Blustery day to kick off the fall stormy season

Blustery day to kick off the fall stormy season
Wind-blown waves crash into a sea wall in West Seattle, south of Alki. (Photo by YouNews contributor kweitz)
SEATTLE -- The kickoff to the fall stormy season is upon us, as a very strong storm races across the Pacific Ocean and heads into British Columbia.

But even though the storm's center is making landfall well to our north, the storm has far-reaching effects that reach into the Pacific Northwest.

Those effects include the usual fall storm calling cards: rain, gusty winds, and mountain snow.

For the greater Puget Sound and other inland areas, this storm isn't shaping up to be too imposing, but for the coast, it's a different story where strong winds and incredible surf could bring coastal flooding.

The Current Warnings:

  • Coastal Flood Warning and High Surf Warning for coast.
  • Flood Warning for Skokomish River for potential for minor flooding
  • Winter Storm Warning for high elevation areas of the Cascades for potential for 4-6" of snow above 4,000 feet, with highest accumulations above 6,000 feet. These snow forecasts are for levels above Snoqualmie or Stevens Pass, which should be OK.
  • Winter Weather Advisory in effect for Olympics.
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A very strong storm with pressure readings on par with strong hurricane (28.47" of mercury, or 964 milibars) is still slowly moving toward the northern tip of Vancouver Island.

The storm's associated cold front moved through Saturday night bringing a period of moderate to heavy rain. The front is now through but the area will see more pockets of rain through the day -- some showers could still be heavy at times, but on the other hand, we might squeeze out some sunbreaks later in the afternoon.

The storm center is expected to drift off the northern tip of Vancouver Island until around Sunday evening, slowly weakening and sliding southeast into southern B.C. through Monday. The storm is over by early Tuesday.

Let's break this down by each type of event.


The rain with the front has passed, bringing 1-3" in the Olympics and between 0.5"-0.75" to the lowlands.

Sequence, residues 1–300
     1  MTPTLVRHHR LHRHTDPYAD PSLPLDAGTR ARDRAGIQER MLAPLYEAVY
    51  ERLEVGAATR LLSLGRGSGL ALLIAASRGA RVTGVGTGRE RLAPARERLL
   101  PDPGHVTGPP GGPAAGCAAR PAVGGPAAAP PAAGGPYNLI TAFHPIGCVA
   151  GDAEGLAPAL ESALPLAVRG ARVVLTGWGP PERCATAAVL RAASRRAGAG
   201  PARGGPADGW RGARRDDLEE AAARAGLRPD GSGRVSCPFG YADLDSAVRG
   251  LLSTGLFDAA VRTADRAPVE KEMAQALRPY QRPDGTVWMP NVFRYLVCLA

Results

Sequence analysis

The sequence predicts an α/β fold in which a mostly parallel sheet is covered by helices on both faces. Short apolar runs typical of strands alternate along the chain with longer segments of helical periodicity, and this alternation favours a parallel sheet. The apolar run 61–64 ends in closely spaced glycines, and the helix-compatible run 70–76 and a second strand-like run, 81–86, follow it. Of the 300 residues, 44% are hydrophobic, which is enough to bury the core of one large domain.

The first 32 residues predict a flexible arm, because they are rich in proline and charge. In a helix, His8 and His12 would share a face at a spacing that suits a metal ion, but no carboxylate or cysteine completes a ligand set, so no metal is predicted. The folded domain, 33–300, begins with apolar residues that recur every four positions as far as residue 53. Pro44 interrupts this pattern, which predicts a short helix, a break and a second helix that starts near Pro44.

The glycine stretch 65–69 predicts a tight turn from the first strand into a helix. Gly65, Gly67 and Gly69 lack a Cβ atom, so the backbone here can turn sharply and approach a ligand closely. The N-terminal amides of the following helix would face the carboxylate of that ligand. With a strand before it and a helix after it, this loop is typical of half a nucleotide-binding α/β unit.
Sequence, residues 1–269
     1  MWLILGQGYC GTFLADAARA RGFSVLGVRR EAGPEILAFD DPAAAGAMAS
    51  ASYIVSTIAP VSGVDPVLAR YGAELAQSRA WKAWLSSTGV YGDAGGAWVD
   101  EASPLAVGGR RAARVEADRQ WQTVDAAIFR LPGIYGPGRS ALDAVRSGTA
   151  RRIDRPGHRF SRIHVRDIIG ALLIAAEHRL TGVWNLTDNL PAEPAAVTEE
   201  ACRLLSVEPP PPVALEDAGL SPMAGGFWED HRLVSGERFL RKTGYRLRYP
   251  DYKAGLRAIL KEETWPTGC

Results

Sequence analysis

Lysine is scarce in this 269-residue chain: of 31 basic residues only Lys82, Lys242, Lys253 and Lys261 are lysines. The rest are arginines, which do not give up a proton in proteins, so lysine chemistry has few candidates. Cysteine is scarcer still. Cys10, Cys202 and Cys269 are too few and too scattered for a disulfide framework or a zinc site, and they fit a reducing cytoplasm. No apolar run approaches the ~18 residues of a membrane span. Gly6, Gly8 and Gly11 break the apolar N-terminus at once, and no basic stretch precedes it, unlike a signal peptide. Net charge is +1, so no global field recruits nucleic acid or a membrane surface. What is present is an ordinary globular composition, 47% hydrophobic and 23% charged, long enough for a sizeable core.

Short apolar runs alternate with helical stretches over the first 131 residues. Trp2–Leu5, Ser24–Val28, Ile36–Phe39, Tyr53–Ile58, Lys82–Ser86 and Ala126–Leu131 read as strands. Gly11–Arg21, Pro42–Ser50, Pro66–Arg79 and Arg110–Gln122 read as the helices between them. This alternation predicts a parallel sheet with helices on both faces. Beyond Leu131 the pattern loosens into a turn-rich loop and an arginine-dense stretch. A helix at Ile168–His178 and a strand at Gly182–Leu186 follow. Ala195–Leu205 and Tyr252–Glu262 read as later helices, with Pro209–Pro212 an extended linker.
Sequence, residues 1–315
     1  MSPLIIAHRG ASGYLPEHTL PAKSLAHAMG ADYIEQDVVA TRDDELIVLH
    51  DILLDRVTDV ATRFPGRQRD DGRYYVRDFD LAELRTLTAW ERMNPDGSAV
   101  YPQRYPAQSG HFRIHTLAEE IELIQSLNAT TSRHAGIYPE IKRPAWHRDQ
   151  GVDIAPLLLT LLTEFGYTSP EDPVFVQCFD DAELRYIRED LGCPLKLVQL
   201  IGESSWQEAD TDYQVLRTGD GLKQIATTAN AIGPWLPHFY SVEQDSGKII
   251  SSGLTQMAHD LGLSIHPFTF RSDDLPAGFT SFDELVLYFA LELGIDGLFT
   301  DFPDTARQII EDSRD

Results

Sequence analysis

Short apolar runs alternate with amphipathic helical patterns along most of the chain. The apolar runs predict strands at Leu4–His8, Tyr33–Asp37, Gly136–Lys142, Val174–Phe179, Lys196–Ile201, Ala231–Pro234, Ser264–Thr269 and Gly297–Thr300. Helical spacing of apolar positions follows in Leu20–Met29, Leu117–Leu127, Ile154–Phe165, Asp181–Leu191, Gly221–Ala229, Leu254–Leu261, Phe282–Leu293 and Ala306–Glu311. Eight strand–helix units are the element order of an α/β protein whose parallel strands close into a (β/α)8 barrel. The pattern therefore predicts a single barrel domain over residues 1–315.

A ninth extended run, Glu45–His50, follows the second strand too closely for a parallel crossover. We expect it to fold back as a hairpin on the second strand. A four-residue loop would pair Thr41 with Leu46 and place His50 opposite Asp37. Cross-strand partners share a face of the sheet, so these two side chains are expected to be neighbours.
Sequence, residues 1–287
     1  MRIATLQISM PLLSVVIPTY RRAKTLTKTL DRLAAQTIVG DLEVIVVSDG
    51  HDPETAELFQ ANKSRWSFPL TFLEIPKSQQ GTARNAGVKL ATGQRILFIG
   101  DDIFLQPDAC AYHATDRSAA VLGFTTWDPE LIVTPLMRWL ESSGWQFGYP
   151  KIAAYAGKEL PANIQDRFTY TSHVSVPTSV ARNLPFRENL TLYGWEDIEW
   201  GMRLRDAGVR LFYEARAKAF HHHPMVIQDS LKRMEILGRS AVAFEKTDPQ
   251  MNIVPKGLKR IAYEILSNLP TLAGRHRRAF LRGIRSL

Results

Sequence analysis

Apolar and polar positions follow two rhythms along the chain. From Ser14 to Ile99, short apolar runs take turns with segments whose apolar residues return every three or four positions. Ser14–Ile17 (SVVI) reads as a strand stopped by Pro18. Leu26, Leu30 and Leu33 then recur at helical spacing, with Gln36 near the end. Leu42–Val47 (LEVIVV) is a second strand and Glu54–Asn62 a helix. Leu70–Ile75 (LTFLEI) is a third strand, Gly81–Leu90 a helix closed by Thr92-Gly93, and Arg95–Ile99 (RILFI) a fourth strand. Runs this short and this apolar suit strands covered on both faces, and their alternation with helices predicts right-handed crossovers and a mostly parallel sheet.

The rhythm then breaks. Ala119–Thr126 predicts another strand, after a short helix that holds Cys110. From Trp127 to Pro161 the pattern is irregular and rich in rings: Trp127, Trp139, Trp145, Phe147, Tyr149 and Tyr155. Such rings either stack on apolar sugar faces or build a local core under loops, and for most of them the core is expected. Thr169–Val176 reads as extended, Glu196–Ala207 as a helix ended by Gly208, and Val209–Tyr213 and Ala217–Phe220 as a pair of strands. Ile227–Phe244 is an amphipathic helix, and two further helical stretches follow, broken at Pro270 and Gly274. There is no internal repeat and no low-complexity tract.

It was enough to drive the Skokomish River right up to the edge of its banks, and thus a Flood Warning is in effect for that river. The rain amounts are not enough to affect other rivers and thus no other advisories are in effect and no more are expected.

The lowlands will continue to see rain at times Sunday -- sometimes heavy -- as there is still quite a bit of moisture streaming in behind the front.

A second wave of rain is due in Sunday night into Monday.


We'll see breezy winds at times through Monday now as the storm drifts closer then through British Columbia.

For Sunday, winds will gust between 20-30 mph -- maybe a few higher gusts up north and along the coast. Noticeable, but not problematic.

Winds will pick up a little Sunday night into Monday as the storm reaches its closest point to western Washington. Winds in the city could gust to 35-40 mph, and maybe some higher gusts in the interior and inland islands north of Everett. At this point, there are no wind advisories but the Northwest Interior areas might qualify for a Wind Advisory for Monday.

Wind would not die down until at least Monday night -- perhaps even Tuesday morning.


This is probably the greatest danger from this storm. As I mentioned earlier, this storm has a very deep low pressure center and while it's far enough away to keep our winds at bay, that storm will churn out some very high swells, and with wind-whipped waves on top of them, we are looking at coastal waves of 30-35 feet Sunday afternoon through Monday afternoon.

That's big enough that coastal flooding is a concern, especially along the central coast at high tide. Thus, a COASTAL FLOOD WARNING is in effect. High tide is around 10.7 feet at 2:30 p.m. Sunday in Aberdeen and a lower 9.1 foot high tide will occur around 3:30 a.m. Monday.


This storm will be the first big mountain snow of the season, and a WINTER STORM WARNING is now in effect for the mountains. That sounds ominous, and it is significant, but the criteria is lower for a Winter Storm Watch/Warning for the first storm of the season so get people ready who haven't dealt with snow in several months.

But indications are now that snow levels will remain around 5,000 feet Sunday, then only drop to around 4,000 feet Sunday night and Monday -- above Snoqualmie Pass level, and right around Stevens Pass. So U.S. 2 could see a little snow (not much to stick) but I-90 might be bare and wet -- just really wet though.

Where it will snow are higher up places, like Hurricane Ridge drive, the drive to Paradise and Sunrise in Mt. Rainier National Park, and the Mount Baker Highway could receive 6" of snow Sunday afternoon through Monday afternoon.


A fall chill will be in the air with highs in the low-mid 50s Sunday and Monday.


We'll taper back to showers and sunbreaks for Tuesday, although it will remain chilly with highs struggling to get to the low 50s both days. We are still holding for a dry day on Wednesday, but more rain is expected after that.

In the meantime, we'll be closely watching the weather all weekend and I'll be sure to Tweet updates on my Twitter account @ScottSKOMO as conditions warrant.

Have a great weekend, and stay dry out there!